Figure 2A shows that fluorescence is clearly detected at the endothelium surface, and that a fairly thick and homogeneous surface layer, which appears to follow the apical membrane of the cells, entirely lines the lumen of the microchannels. Control experiments further show that HUVEC treated with neuraminidase, an enzyme known to degrade the ESL49, exhibit a much dimmer and more heterogeneous surface layer (see Supplementary Information Fig. S1), thus confirming that WGA-Alexa indeed binds to the ESL in our experiments.

Figure 2
Figure 2

(A) Confocal images of the Endothelial Surface Layer (ESL) stained with Alexa488-conjugated wheat germ agglutinin, with views in a horizontal (XY, upper left), and two vertical planes (XZ, lower left; YZ, middle panel), along with a 3D rendering of the imaged channel (right panel). Scale bar is 10 μm. (B) XY view of the ESL after image deconvolution by the microscope point spread function (upper panel), and intensity profile, measured along the yellow line drawn on the upper panel, from which the ESL thickness is measured as the full width at half maximum. (C) Histogram of the ESL thickness, yielding a thickness of 670 ± 200 nm over 140 measurements. (D) ESL thickness measured at 29 different locations along the 100 μm-long image section shown in inset, illustrating the spatial homogeneity of the ESL.

We have analyzed images obtained in horizontal (XY) planes in order to determine the thickness of the ESL in the endothelialized microchannels. To avoid overestimating the extent of the ESL, raw images were first deconvolved by the microscope Point Spread Function (PSF, see Methods), after which intensity profiles across the fluorescent layer were plotted and their full-width-at-half-maximum (FWHM) determined and used as a measure of the ESL thickness (Fig. 2B). Measurements were performed over a total of 140 intensity profiles collected in 5 different channels of 30 × 30 μm2 in nominal cross section, yielding a thickness of hESL = 670 ± 200 nm (average ± 1 standard deviation), a value much larger than the lateral resolution of the microscope used here. The thickness histogram in Fig. 2C shows that the surface layer could reach up to 1 μm or more in some regions. In spite of variations in thickness from place to place, we have found that a continuous layer covers the endothelial cells, and we did not observe any systematic trend in thickness distribution and spatial organization. As shown in Fig. 2D, the ESL could display a rather uniform thickness, irrespective of the measurement being made atop, around or away from a cell nucleus, and showed no sign of particular spatial structure.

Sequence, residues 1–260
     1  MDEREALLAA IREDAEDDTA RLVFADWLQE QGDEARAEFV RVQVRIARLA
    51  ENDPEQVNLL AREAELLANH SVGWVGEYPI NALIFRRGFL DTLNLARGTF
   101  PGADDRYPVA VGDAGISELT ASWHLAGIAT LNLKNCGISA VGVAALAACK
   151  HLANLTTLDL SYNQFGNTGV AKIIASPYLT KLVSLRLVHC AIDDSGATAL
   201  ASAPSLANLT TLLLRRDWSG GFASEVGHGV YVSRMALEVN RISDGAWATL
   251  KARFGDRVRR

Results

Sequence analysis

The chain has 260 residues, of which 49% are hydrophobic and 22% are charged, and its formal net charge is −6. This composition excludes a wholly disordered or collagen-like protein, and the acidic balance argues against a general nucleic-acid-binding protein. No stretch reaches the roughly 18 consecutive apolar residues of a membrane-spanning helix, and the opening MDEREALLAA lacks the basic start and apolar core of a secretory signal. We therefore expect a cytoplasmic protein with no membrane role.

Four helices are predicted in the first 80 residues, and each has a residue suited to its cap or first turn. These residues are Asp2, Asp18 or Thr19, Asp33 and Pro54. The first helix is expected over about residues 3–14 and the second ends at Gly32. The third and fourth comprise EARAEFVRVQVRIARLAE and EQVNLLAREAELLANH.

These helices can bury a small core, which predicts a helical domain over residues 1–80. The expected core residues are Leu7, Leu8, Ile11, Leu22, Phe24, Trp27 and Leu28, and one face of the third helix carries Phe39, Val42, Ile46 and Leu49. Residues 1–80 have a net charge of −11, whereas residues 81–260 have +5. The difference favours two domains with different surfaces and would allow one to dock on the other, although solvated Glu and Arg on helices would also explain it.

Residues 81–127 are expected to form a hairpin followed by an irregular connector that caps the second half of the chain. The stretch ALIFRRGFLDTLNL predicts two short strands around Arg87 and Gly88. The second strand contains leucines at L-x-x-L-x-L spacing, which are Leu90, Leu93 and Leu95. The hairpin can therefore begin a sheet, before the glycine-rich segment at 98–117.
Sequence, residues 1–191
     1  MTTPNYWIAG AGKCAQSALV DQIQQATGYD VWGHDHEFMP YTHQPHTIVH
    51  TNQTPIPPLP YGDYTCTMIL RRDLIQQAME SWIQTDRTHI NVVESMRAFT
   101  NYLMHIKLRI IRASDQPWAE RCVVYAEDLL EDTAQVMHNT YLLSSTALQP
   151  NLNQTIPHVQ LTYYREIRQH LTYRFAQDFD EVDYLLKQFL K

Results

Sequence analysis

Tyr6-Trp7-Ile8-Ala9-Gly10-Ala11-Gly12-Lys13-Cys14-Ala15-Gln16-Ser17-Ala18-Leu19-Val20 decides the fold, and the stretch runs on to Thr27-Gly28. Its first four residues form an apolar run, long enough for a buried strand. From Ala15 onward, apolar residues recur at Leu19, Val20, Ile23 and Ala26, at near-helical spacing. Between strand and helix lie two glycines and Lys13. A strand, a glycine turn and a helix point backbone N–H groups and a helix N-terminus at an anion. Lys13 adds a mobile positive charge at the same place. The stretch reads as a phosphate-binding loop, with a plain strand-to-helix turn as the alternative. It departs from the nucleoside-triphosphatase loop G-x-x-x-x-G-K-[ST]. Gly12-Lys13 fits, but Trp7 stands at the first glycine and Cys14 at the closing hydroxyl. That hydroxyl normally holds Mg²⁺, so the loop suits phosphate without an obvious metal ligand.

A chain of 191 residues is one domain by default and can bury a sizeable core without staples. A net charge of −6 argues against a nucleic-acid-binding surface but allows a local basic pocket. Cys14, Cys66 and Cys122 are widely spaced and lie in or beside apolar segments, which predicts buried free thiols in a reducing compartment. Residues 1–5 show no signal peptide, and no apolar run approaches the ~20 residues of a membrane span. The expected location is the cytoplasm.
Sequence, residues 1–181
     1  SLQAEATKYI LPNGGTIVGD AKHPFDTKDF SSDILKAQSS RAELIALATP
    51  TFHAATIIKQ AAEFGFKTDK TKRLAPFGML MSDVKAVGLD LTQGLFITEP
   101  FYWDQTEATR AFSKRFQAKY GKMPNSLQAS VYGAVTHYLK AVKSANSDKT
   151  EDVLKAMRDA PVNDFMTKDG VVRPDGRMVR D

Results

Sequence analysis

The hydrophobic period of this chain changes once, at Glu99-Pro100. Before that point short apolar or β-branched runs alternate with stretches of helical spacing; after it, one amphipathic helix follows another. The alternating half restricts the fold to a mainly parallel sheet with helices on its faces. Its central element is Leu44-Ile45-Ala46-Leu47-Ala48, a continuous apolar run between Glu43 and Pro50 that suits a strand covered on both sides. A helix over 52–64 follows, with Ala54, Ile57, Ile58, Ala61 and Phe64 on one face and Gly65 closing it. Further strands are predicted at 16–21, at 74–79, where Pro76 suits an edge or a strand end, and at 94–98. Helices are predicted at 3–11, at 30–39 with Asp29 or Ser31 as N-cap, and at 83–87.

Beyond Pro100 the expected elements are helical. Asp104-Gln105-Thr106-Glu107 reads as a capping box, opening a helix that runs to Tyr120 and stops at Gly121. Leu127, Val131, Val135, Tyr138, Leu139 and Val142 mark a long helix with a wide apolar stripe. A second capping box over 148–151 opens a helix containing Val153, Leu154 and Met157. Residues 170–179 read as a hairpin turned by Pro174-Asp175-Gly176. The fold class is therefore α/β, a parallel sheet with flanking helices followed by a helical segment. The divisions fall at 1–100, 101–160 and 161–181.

In contrast to endothelialized microchannels fabricated in a matrix of soft hydrogel29, HUVEC cultured in stiffer PDMS channels27,31 cannot deform or remodel the surrounding material, and cell nuclei induce a roughness at the luminal surface of the channels. As mentioned above and illustrated in Fig. 2, the ESL follows such a surface topography, which we have characterized by processing XYZ image stacks, as described in the Methods section, in order to produce 2D height maps of the HUVEC surface. Examples of such maps are given in Fig. 3. It can be seen that cellular bodies induce small-slope humps that are h = 2.3 ± 0.5 μm in height and w = 15 ± 5 μm in width (Fig. 3C), with an average spacing of d = 35 ± 12 μm (h, w and d values correspond to mean ± standard deviation over 20 measurements). A topographic analysis of the height maps yields a value of Rq = 0.6 ± 0.1 μm for the root-mean-square (rms) surface roughness and a mean height of hmean = 0.7 ± 0.15 μm (Rq and hmean values correspond to average ± 1 standard deviation computed over 7 different maps). The latter value for hmean is given with respect to the lowest points of the profiles, whose height has been set to zero in our topography analysis (see Fig. 3C). The latter point implies that we do not take into account the ESL thickness into hmean, which thus corresponds to the mean height of the HUVEC membrane below the ESL. Moreover, it is important to realize that the points of lowest height of the HUVEC membrane, located at the periphery of the cells far away from the nuclei, actually lie at a finite distance from the channel wall because of the finite thickness of the peripheral cellular regions. In order to determine this distance (see sketch in Fig. 3D), we have analyzed CFM images of HUVEC whose cytoplasm has been stained (see e.g. Fig. 1B and Supplementary Information Fig. S2). Following a procedure similar to the one described above for the ESL, we measure a thickness of the peripheral regions of the cells of hperi = 0.9 ± 0.2 μm (average ± 1 standard deviation over 66 measurements), in good quantitative agreement with a previous report54. Therefore, the actual average distance between the HUVEC apical membrane and the channel wall is m.